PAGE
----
Weightlifting movements (WLM) are ballistic exercises that utilize the entire body. Due to the explosive nature and musculature involved, these movements can be very taxing and require extended rest periods between sets1. Athletes need 4 to 5 minute rest periods between large, taxing movements2.
While rest between sets is crucial for an athlete, both in terms of performance and recovery, the fact of the matter is it eats up precious weight room time that coaches may not have. It’s a tricky situation—if a coach only has an hour to train his or her team, 5 minute rest periods between each set can keep you (and your team) from hitting your training goals. But, at the same time, training goals may be missed if an athlete doesn’t have enough recovery time.
"Filler" Exercises: Why You Need Them
The best solution to maximize weight room and recovery time is to program “filler exercises” between sets. These filler exercises are usually low intensity and target a problem area with focused mobility and/or stability movements. These exercises are a great compliment to the larger, more taxing WLMs. They don’t have to be revolutionary movements that you can throw your name on and go on a speaking tour about. Something as simple as an activation exercise in opposition of a large movement pattern can have a big pay off in the long run.
Programming Filler Exercises
Following a set of heavy WLM, the athlete will have 4 to 5 minutes of rest before they will attempt to replicate the effort again. During this time I program a static stretch and low-intensity core exercise or glute activation exercise. My go to static stretch is the couch stretch (Image 1).
Our athletes spend countless hours a day sitting and, generally, are tight in their hip flexors and weak in their glutes. This is known as lower crossed syndrome3. My general recommendation is for the athlete to perform the stretch for 30 seconds per side. Immediately following the stretch the athlete will perform some number of single leg glute bridges (Image 2).
My standard recommendation is 5 reps per side with a 3 sec pause at the top. This exercise sequence may only take 90 seconds to 2 minutes. If during these 2 minutes the athlete feels ready to execute the next set, I let them.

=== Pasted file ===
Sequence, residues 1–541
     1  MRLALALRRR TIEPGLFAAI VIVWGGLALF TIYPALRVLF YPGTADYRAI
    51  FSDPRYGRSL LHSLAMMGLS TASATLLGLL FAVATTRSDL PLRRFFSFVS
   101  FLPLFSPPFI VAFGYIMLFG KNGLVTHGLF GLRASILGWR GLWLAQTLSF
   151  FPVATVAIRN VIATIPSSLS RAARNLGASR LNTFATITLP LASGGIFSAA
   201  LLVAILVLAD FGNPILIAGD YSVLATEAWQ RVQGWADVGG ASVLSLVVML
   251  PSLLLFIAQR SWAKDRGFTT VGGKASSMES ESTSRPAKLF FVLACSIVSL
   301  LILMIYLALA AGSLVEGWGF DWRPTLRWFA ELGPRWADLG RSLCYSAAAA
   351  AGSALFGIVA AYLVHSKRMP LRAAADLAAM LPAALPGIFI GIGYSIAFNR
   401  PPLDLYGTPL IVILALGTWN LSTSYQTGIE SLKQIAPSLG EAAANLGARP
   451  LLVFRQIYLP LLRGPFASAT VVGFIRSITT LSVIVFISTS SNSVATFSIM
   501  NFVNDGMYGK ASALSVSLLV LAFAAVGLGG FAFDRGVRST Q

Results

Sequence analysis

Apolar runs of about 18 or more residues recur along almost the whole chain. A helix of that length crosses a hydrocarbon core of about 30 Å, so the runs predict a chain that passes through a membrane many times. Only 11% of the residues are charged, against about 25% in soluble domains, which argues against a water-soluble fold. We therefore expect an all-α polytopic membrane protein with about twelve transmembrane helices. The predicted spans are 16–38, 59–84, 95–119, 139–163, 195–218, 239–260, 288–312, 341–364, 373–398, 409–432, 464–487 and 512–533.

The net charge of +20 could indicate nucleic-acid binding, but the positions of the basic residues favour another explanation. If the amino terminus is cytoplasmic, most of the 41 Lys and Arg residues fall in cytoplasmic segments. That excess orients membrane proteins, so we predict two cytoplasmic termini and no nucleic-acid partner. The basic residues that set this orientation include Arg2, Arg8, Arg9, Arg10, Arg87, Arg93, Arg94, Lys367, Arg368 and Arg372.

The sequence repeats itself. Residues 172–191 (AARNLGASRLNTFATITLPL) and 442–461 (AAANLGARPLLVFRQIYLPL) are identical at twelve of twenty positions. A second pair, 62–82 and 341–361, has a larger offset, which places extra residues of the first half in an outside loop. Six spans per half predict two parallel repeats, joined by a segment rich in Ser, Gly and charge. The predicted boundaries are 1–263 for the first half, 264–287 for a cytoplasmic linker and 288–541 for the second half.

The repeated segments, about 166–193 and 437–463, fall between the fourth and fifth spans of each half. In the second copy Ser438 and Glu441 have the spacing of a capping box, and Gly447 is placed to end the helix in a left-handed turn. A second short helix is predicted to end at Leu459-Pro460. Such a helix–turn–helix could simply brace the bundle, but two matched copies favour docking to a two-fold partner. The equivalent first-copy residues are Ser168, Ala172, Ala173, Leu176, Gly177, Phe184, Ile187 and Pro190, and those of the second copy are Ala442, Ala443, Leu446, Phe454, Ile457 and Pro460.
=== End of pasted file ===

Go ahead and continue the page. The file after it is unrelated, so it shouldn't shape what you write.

If they aren’t feeling recovered after the sequence of exercises I’ll add a round of 90/90 diaphragmatic breathing. Here’s a video of the 90/90 breathing drill. When I have my athletes do a 90/90 drill, I have them inhale for 5 seconds and exhale for 5 seconds — 6 full breaths adds up to another minute of rest. The focus on long slow breaths can aid in lowering the heart rate of the athlete and in turn bring their nervous system down from a very highly sympathetic state to a more parasympathetic one, thus preparing them for the next set.
This brings the length of the rest period to 3 minutes. If the athlete is still not feeling ready to execute the next set I just add a walk to the drinking fountain and back. By this point, the 4-minute mark should be reached and the athlete will move into the next set.
By adding these active recovery exercises between sets, not only will the athlete reach optimal recovery between sets, but we have now attacked a problem area on the athlete. Now at the end of the session, you may not need to spend as much time on flexibility training following a session or in a completely separate session.
1 Kraemer, W. J., & Ratamess, N. A. (2004). Fundamentals of resistance training: progression and exercise prescription. Medicine and science in sports and exercise, 36(4), 674-688. 2 Zatsiorsky, V. M., & Kraemer, W. J. (2006). Science and practice of strength training. Human Kinetics. 3 Janda, V., Frank, C., & Liebenson, C. (1996). Evaluation of muscular imbalance. Rehabilitation of the spine: a practitioner's manual, 6, 97-112.